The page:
News in Brief

Immunologist Sankar Ghosh, PhD, was elected to the National Academy of Sciences in recognition of achievements in original research. Dr. Ghosh, the Silverstein and Hutt Family Professor of Microbiology and chair of the Department of Microbiology & Immunology, studies the connection between the immune system and various diseases, from cancer to sepsis to diabetes and more. He is interested in deciphering the complexities of transcriptional regulation—the ways by which a cell regulates the conversion of DNA to RNA—to better understand the mechanisms of the immune system and the pathological changes that occur to its pathways in many diseases.

Three VP&S faculty members—Rene Hen, PhD, Elisa Konofagou, PhD, and Jennifer Manly, PhD—were elected to the National Academy of Medicine. Election to the academy is considered one of the highest honors in the fields of health and medicine and recognizes individuals who have demonstrated outstanding professional achievement and commitment to service. Dr. Hen, professor of neuroscience and of molecular pharmacology & therapeutics (in psychiatry), was elected for discovering the role of neurogenesis in the mechanism of action of antidepressant medications and making seminal contributions to the understanding of serotonin receptors in health and disease. Dr. Konofagou, the Robert and Margaret Hariri Professor of Biomedical Engineering and professor of radiology (physics), was elected for leadership and innovation in ultrasound and other advanced imaging modalities and their application in the clinical management of such health care problems as cardiovascular diseases, neurodegenerative diseases, and cancer, through licensing to the major imaging companies. Dr. Manly, professor of neuropsychology (in neurology, the Gertrude H. Sergievsky Center, and the Taub Institute for Research on Alzheimer’s Disease and the Aging Brain), was elected for her pioneering work improving detection of cognitive impairment among racially, culturally, and socio-economically diverse adults that has had a profound impact on the field of neuropsychology and her visionary research on the social, biological, and behavioral pathways between early life education and later life cognitive function.

Columbia was awarded a $61.7 million NIH Clinical and Translational Science Award, the fourth award received since 2006. The grant supports the work of the Irving Institute for Clinical and Translational Research, which works in partnership with researchers and clinicians across the medical center, NewYork-Presbyterian, and the New York State Psychiatric Institute to support all phases of clinical and translational science. Columbia has received CTSA grant renewal every five years since the NIH program began in 2006. The latest grant means more than $200 million has been received to support the Irving Institute from 2006 through 2026. This year’s application for renewal received a perfect overall score from the NIH review committee.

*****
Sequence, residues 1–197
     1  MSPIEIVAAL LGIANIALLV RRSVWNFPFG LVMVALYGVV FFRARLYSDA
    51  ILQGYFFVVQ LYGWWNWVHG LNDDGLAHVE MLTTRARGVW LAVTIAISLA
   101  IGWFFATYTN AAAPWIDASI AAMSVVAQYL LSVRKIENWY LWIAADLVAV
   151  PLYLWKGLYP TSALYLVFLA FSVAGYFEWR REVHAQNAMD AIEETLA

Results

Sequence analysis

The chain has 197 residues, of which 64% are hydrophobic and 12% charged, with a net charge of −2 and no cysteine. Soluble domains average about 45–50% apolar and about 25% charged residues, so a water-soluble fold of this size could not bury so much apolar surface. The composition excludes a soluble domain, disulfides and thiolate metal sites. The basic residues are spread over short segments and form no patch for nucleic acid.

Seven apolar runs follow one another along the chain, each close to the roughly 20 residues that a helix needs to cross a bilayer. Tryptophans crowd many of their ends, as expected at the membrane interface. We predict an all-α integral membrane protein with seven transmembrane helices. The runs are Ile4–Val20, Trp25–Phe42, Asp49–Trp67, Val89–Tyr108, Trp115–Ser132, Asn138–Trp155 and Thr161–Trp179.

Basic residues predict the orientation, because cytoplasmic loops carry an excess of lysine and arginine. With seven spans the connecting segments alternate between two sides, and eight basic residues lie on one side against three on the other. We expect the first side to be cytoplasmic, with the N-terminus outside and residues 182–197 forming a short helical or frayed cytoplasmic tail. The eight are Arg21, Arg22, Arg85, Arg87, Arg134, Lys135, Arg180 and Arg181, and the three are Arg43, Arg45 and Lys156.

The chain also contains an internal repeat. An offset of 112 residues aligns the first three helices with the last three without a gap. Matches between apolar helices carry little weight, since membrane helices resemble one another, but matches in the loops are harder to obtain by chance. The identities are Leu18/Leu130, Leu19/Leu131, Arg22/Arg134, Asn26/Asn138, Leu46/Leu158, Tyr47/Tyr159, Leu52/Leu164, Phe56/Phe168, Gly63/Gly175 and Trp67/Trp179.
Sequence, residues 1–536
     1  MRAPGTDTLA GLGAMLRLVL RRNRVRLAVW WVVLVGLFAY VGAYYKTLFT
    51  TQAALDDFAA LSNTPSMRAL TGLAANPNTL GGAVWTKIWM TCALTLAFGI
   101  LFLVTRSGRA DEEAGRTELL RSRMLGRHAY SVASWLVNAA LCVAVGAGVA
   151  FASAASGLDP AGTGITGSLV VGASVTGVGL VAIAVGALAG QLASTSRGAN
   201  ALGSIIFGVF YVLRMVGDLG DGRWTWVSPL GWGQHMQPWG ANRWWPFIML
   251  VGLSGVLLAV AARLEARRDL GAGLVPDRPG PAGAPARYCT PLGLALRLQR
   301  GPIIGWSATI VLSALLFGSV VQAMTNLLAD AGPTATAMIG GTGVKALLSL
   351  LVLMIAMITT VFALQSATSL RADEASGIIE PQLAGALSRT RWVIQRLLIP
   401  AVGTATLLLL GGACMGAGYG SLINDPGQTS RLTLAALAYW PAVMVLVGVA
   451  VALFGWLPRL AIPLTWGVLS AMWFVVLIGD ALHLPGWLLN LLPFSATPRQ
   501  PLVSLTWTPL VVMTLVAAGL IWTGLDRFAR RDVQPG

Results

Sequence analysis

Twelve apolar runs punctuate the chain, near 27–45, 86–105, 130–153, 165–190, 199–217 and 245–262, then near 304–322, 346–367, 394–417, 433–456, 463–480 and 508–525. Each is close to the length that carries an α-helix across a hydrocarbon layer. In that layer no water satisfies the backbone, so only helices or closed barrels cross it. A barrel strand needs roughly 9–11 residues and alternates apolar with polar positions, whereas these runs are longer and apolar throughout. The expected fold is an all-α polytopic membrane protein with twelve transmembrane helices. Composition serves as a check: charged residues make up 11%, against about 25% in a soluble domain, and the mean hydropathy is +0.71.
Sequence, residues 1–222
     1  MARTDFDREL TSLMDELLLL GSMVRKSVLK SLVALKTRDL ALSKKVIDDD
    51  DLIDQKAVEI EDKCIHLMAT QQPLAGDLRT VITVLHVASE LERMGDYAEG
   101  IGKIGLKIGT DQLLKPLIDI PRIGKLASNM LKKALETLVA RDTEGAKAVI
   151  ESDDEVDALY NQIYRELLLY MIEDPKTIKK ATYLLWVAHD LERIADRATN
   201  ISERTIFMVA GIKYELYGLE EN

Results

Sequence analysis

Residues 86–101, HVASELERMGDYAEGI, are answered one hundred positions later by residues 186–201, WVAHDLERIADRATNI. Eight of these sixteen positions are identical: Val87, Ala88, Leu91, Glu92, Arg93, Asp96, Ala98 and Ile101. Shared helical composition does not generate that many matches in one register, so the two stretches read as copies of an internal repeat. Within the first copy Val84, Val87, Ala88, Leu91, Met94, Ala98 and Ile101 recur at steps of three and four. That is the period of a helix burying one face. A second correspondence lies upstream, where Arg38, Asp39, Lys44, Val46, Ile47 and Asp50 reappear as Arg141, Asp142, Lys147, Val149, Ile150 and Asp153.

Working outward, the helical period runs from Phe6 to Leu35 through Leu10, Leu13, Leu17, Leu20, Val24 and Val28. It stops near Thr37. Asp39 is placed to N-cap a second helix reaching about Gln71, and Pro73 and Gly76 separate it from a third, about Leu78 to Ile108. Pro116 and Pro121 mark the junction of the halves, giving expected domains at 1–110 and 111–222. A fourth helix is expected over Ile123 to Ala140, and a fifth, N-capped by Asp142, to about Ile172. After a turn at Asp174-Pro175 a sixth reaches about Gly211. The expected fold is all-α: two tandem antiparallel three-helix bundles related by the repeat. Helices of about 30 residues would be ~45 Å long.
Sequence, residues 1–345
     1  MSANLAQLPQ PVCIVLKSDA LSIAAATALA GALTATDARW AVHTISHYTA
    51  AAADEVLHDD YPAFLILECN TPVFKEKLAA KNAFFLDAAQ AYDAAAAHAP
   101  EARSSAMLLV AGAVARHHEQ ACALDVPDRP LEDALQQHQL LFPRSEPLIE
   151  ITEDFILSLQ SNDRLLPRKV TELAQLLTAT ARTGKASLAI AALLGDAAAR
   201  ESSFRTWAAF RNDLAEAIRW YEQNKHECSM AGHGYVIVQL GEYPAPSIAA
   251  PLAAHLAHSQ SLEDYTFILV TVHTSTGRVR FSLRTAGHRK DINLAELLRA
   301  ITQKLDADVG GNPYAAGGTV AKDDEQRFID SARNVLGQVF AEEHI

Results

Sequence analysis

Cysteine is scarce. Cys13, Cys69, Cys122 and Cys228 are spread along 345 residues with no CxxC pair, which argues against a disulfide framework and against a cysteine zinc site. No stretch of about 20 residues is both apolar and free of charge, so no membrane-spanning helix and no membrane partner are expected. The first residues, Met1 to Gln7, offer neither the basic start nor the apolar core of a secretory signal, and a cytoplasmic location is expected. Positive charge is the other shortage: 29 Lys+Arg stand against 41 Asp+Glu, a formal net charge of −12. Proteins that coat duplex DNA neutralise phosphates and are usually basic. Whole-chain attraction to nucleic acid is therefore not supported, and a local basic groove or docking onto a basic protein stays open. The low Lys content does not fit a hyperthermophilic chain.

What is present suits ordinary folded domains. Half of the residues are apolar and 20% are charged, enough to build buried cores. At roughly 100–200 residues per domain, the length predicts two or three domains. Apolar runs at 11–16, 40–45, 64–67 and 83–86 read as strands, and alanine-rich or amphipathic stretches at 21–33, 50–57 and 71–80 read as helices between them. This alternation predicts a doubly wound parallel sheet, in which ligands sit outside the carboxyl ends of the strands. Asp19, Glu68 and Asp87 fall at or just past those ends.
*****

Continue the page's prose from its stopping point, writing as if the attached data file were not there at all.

The Columbia-Pfizer Clinical Trials Diversity Initiative has been established through a three-year, $10 million grant from Pfizer to help reduce health disparities by increasing the participation of underrepresented minorities in clinical trials and enhancing the diversity of clinical researchers. “People of different ethnicities can have different responses to the same medicine or treatment, so a lack of diversity among clinical trial participants means doctors cannot know if the treatment will be effective in all the patients they treat,” says Anil K. Rustgi, MD, interim executive vice president and dean and director of the Herbert Irving Comprehensive Cancer Center. The initiative will examine the barriers that prevent participation by individuals from underserved groups, expanding Columbia’s Community Health Workers Program network that connects with underserved populations and creates culturally sensitive engagement tools. To improve diversity among clinical research faculty and staff, Columbia will help build an additional pipeline of diverse clinical investigators through a new National Diversity Clinical Trials Leadership Program.

The fifth annual Velocity Ride to raise money for the Herbert Irving Comprehensive Cancer Center raised $1.1 million in October. Some individuals participated in person on Velocity Day while others raised money through activities completed in advance. More than 540 people participated in this year’s fundraiser. Over the past five years, more than 3,000 people have participated in Velocity and raised $6 million for clinical care and cancer research at Columbia’s cancer center.

Two scientists will receive Columbia’s 2021 Louisa Gross Horwitz Prize for trailblazing work on messenger RNA vaccines for COVID-19. The prize is scheduled to be given to the recipients, Katalin Karikó, PhD, and Drew Weissman, MD, PhD, at a Jan. 5, 2022, ceremony. Decades of research on messenger RNA by Drs. Karikó and Weissman laid the foundation for the creation of the effective COVID-19 vaccines, the first fully approved vaccines that use mRNA. Developed less than a year after scientists in China originally identified and sequenced the virus, the vaccines demonstrate one of the main advantages of the mRNA platform: They are much quicker to produce than traditional vaccines. Previously, no new vaccine had been developed and approved in under four years. Dr. Karikó, from BioNTech in Germany and the University of Pennsylvania, and Dr. Weissman, from the University of Pennsylvania, are the 107th and 108th winners of the Horwitz Prize, which is awarded annually by Columbia University for groundbreaking work in medical science. Of the previous Horwitz Prize winners, 51 have gone on to receive Nobel Prizes.